Further, this is not a subject of historical trivia. Three trends make it more important than ever that policymakers investigate the impacts of wholesale market policies on retail customers now:

1) RTO expansion (both voluntary and mandatory) is under consideration at the state, regional, and federal level,

2) State and federal policies (as well as private sector demand from individuals and corporations) are driving changes in the resource mix that will require large increases in spending on transmission infrastructure, and

3) Increased electrification of the economy places increasing pressure on the electricity system to satisfy new demand while keeping rates affordable.

With these trends in mind, we respectfully request that you direct the GAO or other independent organization to examine the cost and reliability impacts of wholesale markets. Regulators at FERC and the states cannot fulfill their statutory duties without understanding the fundamental relationship between market structure and the cost and reliability of electricity.

This is not a partisan issue—it is a matter of good governance, regulatory oversight, and, ultimately, the economic health of the nation. America’s families and businesses cannot thrive without reliable, low-cost electricity. Thank you for your consideration.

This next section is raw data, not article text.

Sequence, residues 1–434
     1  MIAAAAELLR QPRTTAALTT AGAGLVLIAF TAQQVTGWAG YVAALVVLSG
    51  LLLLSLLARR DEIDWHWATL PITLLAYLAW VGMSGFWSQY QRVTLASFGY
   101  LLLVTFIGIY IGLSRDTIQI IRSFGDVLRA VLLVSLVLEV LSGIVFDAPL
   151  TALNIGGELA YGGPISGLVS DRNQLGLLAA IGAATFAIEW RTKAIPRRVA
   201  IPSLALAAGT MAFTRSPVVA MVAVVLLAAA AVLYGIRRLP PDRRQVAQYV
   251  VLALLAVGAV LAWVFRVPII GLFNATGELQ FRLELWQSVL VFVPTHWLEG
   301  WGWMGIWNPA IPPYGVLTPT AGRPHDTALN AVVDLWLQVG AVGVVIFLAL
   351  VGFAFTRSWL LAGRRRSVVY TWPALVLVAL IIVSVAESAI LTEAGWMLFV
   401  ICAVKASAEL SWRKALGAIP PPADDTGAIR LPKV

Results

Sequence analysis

Most Respectfully,

Electricity Consumers Resource Council

Energy Choice Coalition

Public Citizen Association of Businesses Advocating for Tariff Equity

Carolina Utility Customers Association

Conservative Coalition for Climate Solutions

Conservative Energy Network


Action for America

Industrial Energy Consumers of Pennsylvania

Louisiana Energy Users Group

R Street Institute

Cc: The Honorable Richard Glick, Chairman

The Honorable Neil Chatterjee, Commissioner

The Honorable James Danly, Commissioner

The Honorable Allison Clements, Commissioner

The Honorable Mark Christie, Commissioner Federal Energy Regulatory Commission

888 First Street N.E.

Washington, D.C. 20426